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RtI User Guide and Forms

Response to Instruction:

 

A Practical Guide

 

White Bengal Tiger

 

 Connecting Waters Charter Schools

 

Connecting Water Charter Schools

Response to Instruction (RtI) Implementation Manual

Version 6/7/17

 

CWCS Mission Statement                                                                                                

Preface                                                                                                                                 

Core Principles of RTI                                                                                                                    

Response to Instruction                                                                                       

            Definition                                                                                                     

            Major Components                                                                                               

                        Curriculum & Instruction                                                                         

                        School Climate & Culture                                                                         

                        Continual Improvement Process                                                            

                        Assessment/Progress Monitoring                                                                      

                        Community Involvement                                                                         

                        Special Education & RTI                                                                           

CWCS Tiered RTI Model                                                                                                   

            Tier 1                                                                                                            

            Tier 2                                                                                                            

            Tier 3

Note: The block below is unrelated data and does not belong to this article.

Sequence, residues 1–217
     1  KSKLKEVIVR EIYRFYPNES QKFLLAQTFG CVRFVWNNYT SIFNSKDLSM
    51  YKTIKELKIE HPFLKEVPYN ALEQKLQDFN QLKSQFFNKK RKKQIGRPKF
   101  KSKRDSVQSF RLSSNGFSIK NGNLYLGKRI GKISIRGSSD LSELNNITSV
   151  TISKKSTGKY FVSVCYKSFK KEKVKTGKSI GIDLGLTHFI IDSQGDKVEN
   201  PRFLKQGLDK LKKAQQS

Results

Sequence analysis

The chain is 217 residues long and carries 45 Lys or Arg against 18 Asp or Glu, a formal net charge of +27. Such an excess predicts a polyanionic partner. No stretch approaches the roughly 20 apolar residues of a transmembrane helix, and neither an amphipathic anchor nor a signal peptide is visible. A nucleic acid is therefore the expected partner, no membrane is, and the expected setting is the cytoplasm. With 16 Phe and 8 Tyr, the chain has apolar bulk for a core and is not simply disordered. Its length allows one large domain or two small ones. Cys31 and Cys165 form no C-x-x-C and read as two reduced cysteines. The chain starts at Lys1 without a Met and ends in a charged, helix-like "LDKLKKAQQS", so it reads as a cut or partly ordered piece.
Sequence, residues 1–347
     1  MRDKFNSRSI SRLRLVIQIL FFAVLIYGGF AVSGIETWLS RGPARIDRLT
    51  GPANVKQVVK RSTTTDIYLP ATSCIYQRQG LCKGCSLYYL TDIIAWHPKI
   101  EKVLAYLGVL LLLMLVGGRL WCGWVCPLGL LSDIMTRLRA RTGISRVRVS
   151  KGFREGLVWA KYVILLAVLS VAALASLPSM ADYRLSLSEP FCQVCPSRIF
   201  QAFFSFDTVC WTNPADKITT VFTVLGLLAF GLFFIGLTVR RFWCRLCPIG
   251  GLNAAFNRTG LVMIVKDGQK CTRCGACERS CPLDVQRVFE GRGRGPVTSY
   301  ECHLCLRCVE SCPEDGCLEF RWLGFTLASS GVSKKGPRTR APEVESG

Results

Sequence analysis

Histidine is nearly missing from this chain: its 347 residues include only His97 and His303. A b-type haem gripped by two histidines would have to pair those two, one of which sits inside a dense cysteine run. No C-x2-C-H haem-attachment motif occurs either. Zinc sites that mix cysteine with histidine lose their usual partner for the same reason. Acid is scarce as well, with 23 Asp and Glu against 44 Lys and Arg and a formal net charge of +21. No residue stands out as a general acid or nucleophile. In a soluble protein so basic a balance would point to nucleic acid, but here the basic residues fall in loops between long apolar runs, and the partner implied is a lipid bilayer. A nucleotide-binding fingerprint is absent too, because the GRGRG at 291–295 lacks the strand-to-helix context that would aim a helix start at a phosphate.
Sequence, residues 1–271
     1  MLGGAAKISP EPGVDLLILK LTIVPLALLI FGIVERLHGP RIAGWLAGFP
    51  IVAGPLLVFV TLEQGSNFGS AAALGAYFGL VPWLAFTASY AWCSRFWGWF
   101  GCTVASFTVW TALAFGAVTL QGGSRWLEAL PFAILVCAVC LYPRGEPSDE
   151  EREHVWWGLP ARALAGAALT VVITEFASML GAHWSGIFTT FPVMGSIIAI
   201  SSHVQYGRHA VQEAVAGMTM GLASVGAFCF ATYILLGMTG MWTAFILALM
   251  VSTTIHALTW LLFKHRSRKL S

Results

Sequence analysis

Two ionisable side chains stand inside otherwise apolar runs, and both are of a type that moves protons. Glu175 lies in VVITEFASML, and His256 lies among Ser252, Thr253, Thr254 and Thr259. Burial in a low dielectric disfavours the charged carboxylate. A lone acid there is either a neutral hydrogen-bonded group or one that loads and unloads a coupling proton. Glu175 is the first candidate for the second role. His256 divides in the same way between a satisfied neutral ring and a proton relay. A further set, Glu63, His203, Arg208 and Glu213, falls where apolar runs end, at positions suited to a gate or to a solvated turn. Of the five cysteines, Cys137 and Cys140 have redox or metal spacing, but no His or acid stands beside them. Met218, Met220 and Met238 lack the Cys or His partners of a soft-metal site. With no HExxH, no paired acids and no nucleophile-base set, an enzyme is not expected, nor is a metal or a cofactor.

RTI in Practice                                                                                                                    

            Features of RTI                                                                                                       

            Key Components                                                                                                    

                        Problem Solving Team                                                                              

                        Problem Solving Process                                                                          

                        Progress Monitoring                                                                                 

                        Terminology                                                                                                

                        Curriculum Based Measurement                                                                       

                        Data-Based Decisions                                                                               

                                    Understanding Norms                                                                  

                                    Setting Ambitious and Realistic Goals                                                  

                                    Trend line or Gap Analysis                                                                       

                        Instruction & Interventions                                                                                            

Special Considerations in an RTI Model                                                                       

English Language Learners & RtI

 

Appendices

Policies:

Resources:

FAQs:

Charts / Table:                  

Program Details:                                                                                       

                                          

Connecting Waters Charter Schools:

Waterford Unified School District

Mission Statement

  Connecting Waters Charter School is a collaborative educational community promoting academic excellence in preparing students for college and career while providing individualized public education through challenging, unique, and varied learning.

  • Assisting students and parents with educational guidance
  • Individualizing curriculum to meet students’ needs
  • Providing materials, resources and suppoRtIve instruction
  • Allowing flexibility in both teaching and learning styles